The Latest Ace Combat Gets to the Choppah (and the Bombah)

Illustration for article titled The Latest emAce Combat/em Gets to the Choppah (and the Bombah)

The aircraft of the venerable Ace Combat series all have been of the fixed-wing variety. The most notable variance in the latest installment Ace Combat: Assault Horizon is the inclusion of helicopters, as many saw when the game's first trailer showed an Apache Longbow used in gameplay.

"If we just wanted to make a jet fighter game, yes, we would have made that in a shorter time," Kazutoki Kono, the series director, said. When it releases this fall, four years will have passed since the last Ace Combat console release, the longest gap between sequels in the series' 16-year history.

This one will not be called Ace Combat 7, Kono said, because the game will represent a series reboot gamers have seen in other long-running franchises. "We're not calling it number 7 to call attention to the fact this marks the rebirth of the franchise," Kono told me, via translator. Kono said that, over the years, the numbering had lost its power, but not the Ace Combat name itself.


In Ace Combat: Assault Horizon, you will pilot the warplanes of four squadrons-fighter, bomber and two helicopter - in combat over real-world locations. The missions of the singleplayer campaign will be stitched together into a military narrative involving a rogue wing commander and your task force's efforts to put him down. What I saw at E3 2011 was gameplay only.

In a demonstration given by Kono, the series director, I saw a B1-B on a bombing mission over a military emplacement in a region I couldn't distinguish. Kono set his course using arrows in the heads-up display, crossing over waypoints that ultimately triggered his run.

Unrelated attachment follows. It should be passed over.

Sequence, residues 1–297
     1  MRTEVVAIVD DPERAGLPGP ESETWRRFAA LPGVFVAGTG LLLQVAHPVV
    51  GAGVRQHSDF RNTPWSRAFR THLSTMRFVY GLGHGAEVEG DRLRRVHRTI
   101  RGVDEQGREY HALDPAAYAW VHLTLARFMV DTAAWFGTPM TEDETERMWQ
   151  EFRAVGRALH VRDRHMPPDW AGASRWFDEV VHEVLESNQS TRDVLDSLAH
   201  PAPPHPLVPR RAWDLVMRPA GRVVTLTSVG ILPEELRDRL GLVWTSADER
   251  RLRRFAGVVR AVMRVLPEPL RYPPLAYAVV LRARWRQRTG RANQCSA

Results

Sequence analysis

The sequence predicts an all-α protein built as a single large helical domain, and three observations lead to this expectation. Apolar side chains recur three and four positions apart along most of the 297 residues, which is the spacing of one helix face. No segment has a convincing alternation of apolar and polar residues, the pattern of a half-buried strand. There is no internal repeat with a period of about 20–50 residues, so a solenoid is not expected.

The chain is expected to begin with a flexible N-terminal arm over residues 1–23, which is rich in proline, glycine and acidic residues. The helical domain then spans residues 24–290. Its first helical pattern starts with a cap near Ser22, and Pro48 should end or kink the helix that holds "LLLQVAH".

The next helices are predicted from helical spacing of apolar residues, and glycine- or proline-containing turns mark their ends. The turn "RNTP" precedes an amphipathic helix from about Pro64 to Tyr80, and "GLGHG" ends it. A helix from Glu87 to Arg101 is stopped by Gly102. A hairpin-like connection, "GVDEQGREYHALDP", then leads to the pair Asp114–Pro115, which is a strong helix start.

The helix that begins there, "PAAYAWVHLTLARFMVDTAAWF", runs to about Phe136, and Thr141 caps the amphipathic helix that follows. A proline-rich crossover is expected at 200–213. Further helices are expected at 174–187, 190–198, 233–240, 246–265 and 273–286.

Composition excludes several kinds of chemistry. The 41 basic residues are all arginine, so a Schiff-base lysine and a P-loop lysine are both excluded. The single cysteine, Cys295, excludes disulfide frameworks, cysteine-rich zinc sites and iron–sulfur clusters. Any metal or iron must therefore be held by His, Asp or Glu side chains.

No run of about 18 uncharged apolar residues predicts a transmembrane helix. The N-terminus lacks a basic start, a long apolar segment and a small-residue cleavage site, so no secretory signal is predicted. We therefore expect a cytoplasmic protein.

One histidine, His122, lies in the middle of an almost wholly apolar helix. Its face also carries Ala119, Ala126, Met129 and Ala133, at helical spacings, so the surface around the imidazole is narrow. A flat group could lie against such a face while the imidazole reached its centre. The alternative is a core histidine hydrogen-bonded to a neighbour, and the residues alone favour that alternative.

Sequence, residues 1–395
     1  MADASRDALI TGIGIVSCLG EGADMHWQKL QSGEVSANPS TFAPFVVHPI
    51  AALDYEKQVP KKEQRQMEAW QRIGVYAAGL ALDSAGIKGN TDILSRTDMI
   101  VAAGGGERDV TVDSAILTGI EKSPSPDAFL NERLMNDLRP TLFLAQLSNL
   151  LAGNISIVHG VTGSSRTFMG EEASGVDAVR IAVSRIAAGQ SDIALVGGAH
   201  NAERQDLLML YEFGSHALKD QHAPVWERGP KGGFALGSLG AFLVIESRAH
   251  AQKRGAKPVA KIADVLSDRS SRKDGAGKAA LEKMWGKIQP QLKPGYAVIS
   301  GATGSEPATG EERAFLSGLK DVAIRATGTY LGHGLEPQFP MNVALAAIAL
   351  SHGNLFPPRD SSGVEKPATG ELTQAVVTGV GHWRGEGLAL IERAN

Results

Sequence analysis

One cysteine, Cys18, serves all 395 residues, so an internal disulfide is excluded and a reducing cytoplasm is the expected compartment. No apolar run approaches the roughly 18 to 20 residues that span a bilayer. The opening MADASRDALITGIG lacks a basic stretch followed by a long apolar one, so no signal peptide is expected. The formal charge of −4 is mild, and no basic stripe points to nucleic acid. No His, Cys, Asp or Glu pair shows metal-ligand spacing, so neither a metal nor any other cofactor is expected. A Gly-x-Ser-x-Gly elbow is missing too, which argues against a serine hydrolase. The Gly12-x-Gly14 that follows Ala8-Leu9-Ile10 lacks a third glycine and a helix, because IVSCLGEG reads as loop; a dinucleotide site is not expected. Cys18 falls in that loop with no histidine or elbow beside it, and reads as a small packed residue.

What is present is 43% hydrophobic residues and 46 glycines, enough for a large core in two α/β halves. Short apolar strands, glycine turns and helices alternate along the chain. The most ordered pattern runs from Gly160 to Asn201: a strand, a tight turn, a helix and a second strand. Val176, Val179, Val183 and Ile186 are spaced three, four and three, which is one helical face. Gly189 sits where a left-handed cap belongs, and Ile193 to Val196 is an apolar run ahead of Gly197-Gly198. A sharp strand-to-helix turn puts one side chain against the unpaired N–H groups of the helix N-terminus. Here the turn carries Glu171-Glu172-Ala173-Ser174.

When the bomb doors opened, the game switched to a top-down view, where the player is tasked with marking the targets with a crosshairs. It looked easy enough. A fully successful bombing run concludes with a follow-cam shot of the last shell.

The game seemed to warm you up with a couple easy, relatively undefended targets at first. Then things got tough. The third site launched surface-to-air missiles, which required evasive maneuvers and the use of anti-missile flares. The flare countermeasures were unlimited but required a brief recharge.


At the last site, the unescorted bomber was intercepted by a fighter group. Kono couldn't make it through an extended evasion sequence and was shot down, however. Before it augered in, the bomber showed a functional level of damage; the fuselage showed ragged holes and billowed smoke, the plane slowed and dragged through its evasive turns. Kono said a focus of this year's game, especially for multiplayer dogfighting, is on the presentation of the extensive damage one can take and dish out up to the end of the encounter.

The core gameplay upgrade is the Close Range Assault assault system, designed to make dogfighting more a challenging and personal affair. I saw it out on the show floor. As the fighter approached the enemy, the game switched into a close-camera mode - the "close range assault" system of the dogfighting and airstrike missions - that made acquiring missile lock a little more challenging. You didn't need to hold the enemy in your reticule for very long to achieve lock. But the wily AI urges you to be fast on the missile trigger once the crosshairs go red. Close Range Assault is used only in the fixed-wing dogfighting and airstrike encounters.


Ace Combat: Assault Horizon has always depicted real-world aircraft under license. This year, Kono said, it is being developed in conjunction with U.S. Air Force consultants to give tactics and mission objectives a more authentic feel. There will be more than 40 aircraft in the game, which will include the aforementioned Apache Longbow as well as the AH-1 Cobra and, in a gunner-only mission, a UH-60 Black Hawk.

In multiplayer, Kono said Ace Combat will pit players against each other in a contest called "Capital Conquest," in which players' bases will be situated around real-world cities such as Miami, Dubai and Paris. No actual city features will be damaged or targeted; the skylines are there for show only. The objectives will be to blow up everyone else's base or defend your own.


The game releases Oct. 11 in North America.

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I wonder if the "more authentic feel" provided by the Air Force consultants will include more realistic missile loadouts? Somehow being armed with a hundred air-to-air missiles always was the big turn-off for the Ace Combat games to me.